We live in a world today with scenery dominated by complex machinery and intriguing equipment, most of which, the general public has little to no knowledge of in terms of what they are or how they work. More importantly, people don’t know why they are so important to the quality of life we are afforded today.
One of these fascinating pieces of equipment is a cooling tower. Cooling towers are used for, well… cooling. They are massive heat exchangers used to manage and dispose of waste heat from other industrial or manufacturing processes. This allows for the equipment, or process that produces the excess heat, to be used more frequently and for longer periods of time. Aside from the obvious cooling benefit of preventing an explosion or fire while you run your plant’s machinery, cooling towers help to cut long term depreciation costs for the manufacturers by extending the life of their equipment.
So, what exactly is a cooling tower? In searching for a cooling tower definition, one will find many resources that define it loosely as a unique type of heat exchanger in which air and water are brought into contact with each other. Ultimately, cooling towers are used to cool and treat the water stream coming in from industrial equipment or processes.
As it circulates hot water coming in from machinery or condensers, cooling towers disseminate the water over a large “fill” that enables rapid evaporation to take place releasing the heat back into the atmosphere. There are a few cooling tower processes and working principles involved to make this happen (including what a “fill” is), but we’ll touch on those a little later.
The main process of a cooling tower involves the hot water from a condenser or other industrial process being pumped directly into the cooling tower through affixed piping. The water is then dispersed evenly across the fill to allow for evaporation. Evaporative cooling is the main working principle involved in industrial cooling towers and is the reason they are so effective. A major contributor to how effective evaporative cooling is, relates to the fill the Cooling Tower contains or what the fill is comprised of. I know you are already thinking, what possible type of filler these massive towers could contain, but this fill is a little different than what you may think.
Fill, or fill media, refers to the collection of slats/boards/PVC inside the cooling tower that are designed to evenly distribute the water as quickly and widely as possible. To accomplish this, when the hot water is first pumped into the cooling tower, there are nozzles inside designed to spray the hot water over the fill media evenly. By spreading out the water’s surface area like this, the air now has the maximum air to water contact opportunity, which in turn causes the smaller volumes of water that are spread out over the fill to evaporate much faster.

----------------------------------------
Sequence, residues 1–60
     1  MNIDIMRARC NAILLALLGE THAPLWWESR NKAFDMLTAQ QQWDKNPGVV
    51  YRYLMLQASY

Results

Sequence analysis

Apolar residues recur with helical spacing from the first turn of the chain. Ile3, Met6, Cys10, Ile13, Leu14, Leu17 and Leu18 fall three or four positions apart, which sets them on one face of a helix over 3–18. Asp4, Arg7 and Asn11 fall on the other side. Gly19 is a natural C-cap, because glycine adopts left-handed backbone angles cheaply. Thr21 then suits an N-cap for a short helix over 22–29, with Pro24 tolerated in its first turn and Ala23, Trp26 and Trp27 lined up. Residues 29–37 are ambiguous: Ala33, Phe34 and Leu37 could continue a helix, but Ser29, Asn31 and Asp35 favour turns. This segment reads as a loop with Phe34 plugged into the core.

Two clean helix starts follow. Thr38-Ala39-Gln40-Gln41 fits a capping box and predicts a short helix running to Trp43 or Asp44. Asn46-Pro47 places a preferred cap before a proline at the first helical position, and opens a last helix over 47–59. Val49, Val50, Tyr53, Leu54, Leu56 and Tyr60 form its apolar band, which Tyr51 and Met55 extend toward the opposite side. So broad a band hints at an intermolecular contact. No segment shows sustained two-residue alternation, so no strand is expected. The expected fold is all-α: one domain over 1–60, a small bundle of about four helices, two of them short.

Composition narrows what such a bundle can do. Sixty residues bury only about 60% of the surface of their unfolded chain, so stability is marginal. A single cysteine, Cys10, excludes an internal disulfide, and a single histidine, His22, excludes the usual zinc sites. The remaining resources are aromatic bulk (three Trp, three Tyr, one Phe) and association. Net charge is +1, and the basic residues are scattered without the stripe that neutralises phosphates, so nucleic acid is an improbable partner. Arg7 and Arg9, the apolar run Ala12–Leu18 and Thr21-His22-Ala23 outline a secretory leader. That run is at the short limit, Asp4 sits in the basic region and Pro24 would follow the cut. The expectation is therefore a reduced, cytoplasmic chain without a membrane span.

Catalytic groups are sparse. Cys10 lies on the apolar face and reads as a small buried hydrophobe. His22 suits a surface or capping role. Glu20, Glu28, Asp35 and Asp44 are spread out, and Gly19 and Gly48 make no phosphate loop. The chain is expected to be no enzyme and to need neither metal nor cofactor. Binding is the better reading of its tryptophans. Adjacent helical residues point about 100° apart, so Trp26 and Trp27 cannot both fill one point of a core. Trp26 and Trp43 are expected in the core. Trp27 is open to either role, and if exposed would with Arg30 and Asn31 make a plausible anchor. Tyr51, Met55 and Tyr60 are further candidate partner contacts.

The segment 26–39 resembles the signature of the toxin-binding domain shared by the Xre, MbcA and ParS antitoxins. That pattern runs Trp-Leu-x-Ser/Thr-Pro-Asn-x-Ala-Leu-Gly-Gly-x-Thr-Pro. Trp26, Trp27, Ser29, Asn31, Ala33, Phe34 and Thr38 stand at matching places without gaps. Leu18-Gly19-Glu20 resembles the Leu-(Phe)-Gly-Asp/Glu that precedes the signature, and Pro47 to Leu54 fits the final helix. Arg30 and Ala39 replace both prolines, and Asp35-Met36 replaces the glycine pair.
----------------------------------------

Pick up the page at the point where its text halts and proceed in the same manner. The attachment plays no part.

At the other end, after spreading the water surface area as wide as possible, cooling towers use motor-driven electric fans to constantly drive air flow through the tower itself. As the water gets exposed to the air, evaporation begins to take place and the heat is released into the flow of air created by the electric fan. Finally, the heat is pumped out of the top of the tower, almost like an exhaust system, while collecting the now cooled water in a collection basin at the bottom of the tower. The cool water will now be treated and re-routed back to cool the machine it started with.
As the system water evaporates, where only pure water is lost, all of the elements in the system water are left behind. This dictates a need for makeup water, which is just a water source designed to refill the system water as needed, to help retain the volume of system water that is needed for operation. This makeup water will also contain additional elements to add into the system water when refilled. As the makeup water begins to replenish the system water, the elements contained in the system water begin to rise and accumulate. To reduce this concentration of elements, cooling towers have a bleed off valve that will open periodically based on the volume of system water. When the bleed off opens, it will drain a portion of the system water out as wastewater discharge, which will typically contain a high concentration of elements. This highly concentrated wastewater leaves the basin of the cooling tower via the bleed off valve, at which point more make up water is added into the remaining volume of system water. This slowly dilutes the concentration of elements in the system water due to it having less elements than the wastewater.